Friday, December 14, 2007
The Education of Presidents
Forget Latin. I'd be satisfied if the next President could speak English correctly. The current occupant of the White House speaks English as if it were not even his native tongue:
- "Childrens do learn when standards are high and results are measured."
- "Is our children learning?"
- "Laura and I sometimes don't realize how bright our children is."
- "The illiteracy of our children are appalling."
Both Presidents Bush were educated at Phillips Academy and Yale University. I was surprised to learn from Mount's article that Bush XLIII actually studied Latin at prep school. It just goes to show that no amount of expensive education will make a dent if raw material is lacking.
Tracy Lee Simmons, "Greek Ruins," National Review (Sept. 14, 1998), told an amusing anecdote about the limits of Bush XLI's knowledge of the classics:
A speechwriter for Vice President George Bush once prepared a stump speech peppered with a bit of Thucydides, a Greek historian of the fifth century B.C. But after the Vice President tripped over the name one time too many, another staffer decided to avoid further embarrassment by drawing a line through the word and writing in "Plato." One dead Greek was as good as another, and who would know the difference?Perhaps there are others, but to my knowledge the only U.S. politician of recent times who studied Latin extensively in school was a former Senator from Maine, William Cohen, a graduate of Bowdoin College with a major in Latin. Our paths may have crossed, although I don't remember ever seeing him in person. Senator Cohen's father, Reuben Cohen, owned a bakery across the river from the town where I grew up. It was a great treat for me to go with my parents to Bangor Rye Bakery to buy bread or rolls hot from the oven. William Cohen taught at the University of Maine when I was a student there. If he had taught Latin, I would have met him, since that was my field of study, but instead he taught business administration, a subject I have always avoided.
Besides the Bushes, the other father and son who became U.S. Presidents are John Adams (II) and John Quincy Adams (VI). The letters between Adams II and Thomas Jefferson in their retirement are full of Greek and Latin tags and other evidence of classical learning. Adams VI even translated an ode of Horace (1.22, Integer vitae):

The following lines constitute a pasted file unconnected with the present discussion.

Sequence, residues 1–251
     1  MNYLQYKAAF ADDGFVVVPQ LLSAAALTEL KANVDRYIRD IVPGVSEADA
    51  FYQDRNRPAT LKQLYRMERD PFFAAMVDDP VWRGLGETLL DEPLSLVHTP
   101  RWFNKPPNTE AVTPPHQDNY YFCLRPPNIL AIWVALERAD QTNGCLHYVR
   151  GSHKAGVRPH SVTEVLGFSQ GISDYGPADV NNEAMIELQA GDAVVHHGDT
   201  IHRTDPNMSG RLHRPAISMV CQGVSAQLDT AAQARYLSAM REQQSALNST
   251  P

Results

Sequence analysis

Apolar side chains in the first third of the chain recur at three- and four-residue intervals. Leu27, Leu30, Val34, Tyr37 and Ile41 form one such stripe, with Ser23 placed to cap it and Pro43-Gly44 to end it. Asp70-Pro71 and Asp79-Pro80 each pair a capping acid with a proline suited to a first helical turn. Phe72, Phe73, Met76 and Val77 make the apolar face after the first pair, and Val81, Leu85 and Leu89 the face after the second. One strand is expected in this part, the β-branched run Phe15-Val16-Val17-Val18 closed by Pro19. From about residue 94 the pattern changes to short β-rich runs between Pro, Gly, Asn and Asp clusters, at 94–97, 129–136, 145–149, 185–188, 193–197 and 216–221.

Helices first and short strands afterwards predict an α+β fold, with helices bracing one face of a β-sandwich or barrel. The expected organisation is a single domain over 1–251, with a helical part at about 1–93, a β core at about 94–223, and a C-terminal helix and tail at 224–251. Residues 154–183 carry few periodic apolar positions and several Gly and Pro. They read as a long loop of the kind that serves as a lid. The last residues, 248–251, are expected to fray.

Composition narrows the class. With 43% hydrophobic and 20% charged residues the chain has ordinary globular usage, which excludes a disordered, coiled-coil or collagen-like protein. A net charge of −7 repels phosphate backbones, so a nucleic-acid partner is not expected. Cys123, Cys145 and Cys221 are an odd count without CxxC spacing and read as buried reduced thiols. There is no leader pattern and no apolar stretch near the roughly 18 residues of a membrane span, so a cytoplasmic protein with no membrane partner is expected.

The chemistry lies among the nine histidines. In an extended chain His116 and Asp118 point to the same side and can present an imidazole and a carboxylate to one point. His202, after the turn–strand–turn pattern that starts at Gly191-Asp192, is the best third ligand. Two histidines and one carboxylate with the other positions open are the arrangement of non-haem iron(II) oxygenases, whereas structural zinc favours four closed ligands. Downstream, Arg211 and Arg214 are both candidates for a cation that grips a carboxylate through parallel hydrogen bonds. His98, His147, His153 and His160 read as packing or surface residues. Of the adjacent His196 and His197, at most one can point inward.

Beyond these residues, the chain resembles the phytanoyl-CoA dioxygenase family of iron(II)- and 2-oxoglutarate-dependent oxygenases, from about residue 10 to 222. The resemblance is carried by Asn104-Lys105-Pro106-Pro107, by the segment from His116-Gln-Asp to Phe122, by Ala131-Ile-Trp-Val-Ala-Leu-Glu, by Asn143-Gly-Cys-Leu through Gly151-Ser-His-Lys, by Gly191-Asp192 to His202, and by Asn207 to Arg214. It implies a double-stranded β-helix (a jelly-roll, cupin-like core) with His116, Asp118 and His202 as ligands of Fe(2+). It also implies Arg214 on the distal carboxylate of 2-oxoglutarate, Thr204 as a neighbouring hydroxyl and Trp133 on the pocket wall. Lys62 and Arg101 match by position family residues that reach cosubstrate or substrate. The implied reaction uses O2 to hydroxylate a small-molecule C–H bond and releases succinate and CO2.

The man in righteousness array'd,This imitation of Horace, first published in The Southern Literary Messenger 7 (1841) 705, isn't great poetry, but it's clever. I don't think I'll ever see anything comparable from former Presidents in my lifetime.
A pure and blameless liver,
Needs not the keen Toledo blade,
Nor venom-freighted quiver.
What though he wind his toilsome way
O'er regions wild and weary—
Through Zara's burning desert stray;
Or Asia's jungles dreary:
What though he plough the billowy deep
By lunar light, or solar,
Meet the resistless Simoom's sweep,
Or iceberg circumpolar.
In bog or quagmire deep and dark
His foot shall never settle;
He mounts the summit of Mont Blanc,
Or Chimborazo's breathless height
He treads o'er burning lava;
Or snuffs the Bohan Upas blight:
The deathful plant of Java.
Through every peril he shall pass,
By Virtue's shield protected;
And still by Truth's unerring glass
His path shall be directed.
Else wherefore was it, Thursday last,
While strolling down the valley,
Defenceless, musing as I pass'd
A Canzonet to Sally,
A wolf, with tooth protruding snout,
Forth from the thicket bounded—
I clap'd my hands and raised a shout—
He heard—and fled—confounded.
Tangier nor Tunis never bred
An animal more crabbed,
Nor Fez, dry-nurse of lions, fed
A monster half so rabid;
Not Ararat so fierce a beast
Has seen since days of Noah;
Nor strung more eager for a feast,
The fell Constrictor Boa.
Oh! place me where the solar beam
Has scorch'd all verdure vernal:
Or on the polar verge extreme,
Block'd up with ice eternal—
Still shall my voice's tender lays
Of love remain unbroken;
And still my charming SALLY praise,
Sweet smiling, and sweet spoken.